NE-2 neon lamp illuminated side-by-side with non-illuminated

The Humble NE-2 Neon Lamp Has A New Trick

Ah, the humble neon lamp. The familiar warm orange glow has graced the decks of many a DIY timepiece, sometimes in a purely indicating duty, and sometimes forming a memory element in place of a more conventional semiconductor device. Capable of many other tricks such as the ability to protect RF circuits from HV transients, its negative resistance operating region after it illuminates gives us usable hysteresis which can used to form a switching element and the way the pair of electrodes are arranged give it the ability to indicate whether a voltage source is AC or DC. Now, due to some recent research by [Johan Carlsson] and the team at Princeton University, the humble NE-2 tube has a new trick up its sleeve: acoustic transduction.

The idea is not new at all, with some previous attempts at using electric discharge in a gas to detect audio, going back to the early part of last century, but those attempts either used atmospheric pressure air or other non-sealed devices that exhibited quite a lot of electrical noise as well as producing noxious gases. Not ideal.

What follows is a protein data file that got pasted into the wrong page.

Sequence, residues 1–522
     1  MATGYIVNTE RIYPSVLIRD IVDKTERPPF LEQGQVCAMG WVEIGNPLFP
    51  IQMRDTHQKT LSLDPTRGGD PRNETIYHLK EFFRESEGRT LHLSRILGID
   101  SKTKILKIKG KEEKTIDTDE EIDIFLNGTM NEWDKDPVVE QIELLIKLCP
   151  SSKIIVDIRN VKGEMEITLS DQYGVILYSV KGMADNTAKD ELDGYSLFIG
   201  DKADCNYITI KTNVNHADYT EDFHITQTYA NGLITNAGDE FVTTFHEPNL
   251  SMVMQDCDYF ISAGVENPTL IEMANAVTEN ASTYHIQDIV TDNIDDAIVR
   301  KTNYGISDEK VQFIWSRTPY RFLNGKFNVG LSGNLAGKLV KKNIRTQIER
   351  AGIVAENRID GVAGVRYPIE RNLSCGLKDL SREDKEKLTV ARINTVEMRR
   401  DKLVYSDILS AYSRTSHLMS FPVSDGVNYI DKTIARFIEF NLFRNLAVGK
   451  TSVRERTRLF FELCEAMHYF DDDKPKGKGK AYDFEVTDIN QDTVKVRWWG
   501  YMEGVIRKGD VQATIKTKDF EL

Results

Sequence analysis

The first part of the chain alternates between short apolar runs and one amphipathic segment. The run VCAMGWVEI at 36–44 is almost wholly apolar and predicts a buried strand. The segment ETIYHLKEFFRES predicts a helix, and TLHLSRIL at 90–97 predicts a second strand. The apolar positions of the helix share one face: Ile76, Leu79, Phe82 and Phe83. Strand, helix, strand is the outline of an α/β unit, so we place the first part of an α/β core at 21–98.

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Ultrasonic spirit writing

Ultrasonic Array Powers This Halloween Spirit Writer

The spooky season is upon us, and with it the race to come up with the geekiest way to scare the kids. Motion-activated jump-scare setups are always a crowd-pleaser, but kind of a cheap thrill in our opinion. So if you’re looking for something different for your Halloween scare-floor, you might consider “spirit writing” with ultrasound.

The idea that [Dan Beaven] has here is a variation on the ultrasonic levitation projects we’ve seen so many of over the last couple of years. While watching bits of styrofoam suspended in midair by the standing waves generated by carefully phased arrays of ultrasonic transducers is cool, [Dan] looks set to take the concept to the next level. Very much still a prototype, the setup has a 256-transducer matrix suspended above a dark surface. Baking powder is sprinkled over the writing surface to stand in for dust, which is easily disturbed by the sound waves reflecting off the hard surface. The array can be controlled to make it look like an unseen hand is tracing out a design in the dust, and the effect is pretty convincing. We’d have chosen “REDRUM” rather than a pentagram, but different strokes.

[Dan] obviously has a long way to go before this is ready for the big night, but the proof-of-concept is sound. While we wait for the finished product, we’ll just file this away as a technique that might have other applications. SMD components are pretty small and light, after all — perhaps an ultrasonic pick-and-place? In which case, sonic tweezers might be just the thing.

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Wooden You Love To Build A Ribbon Microphone?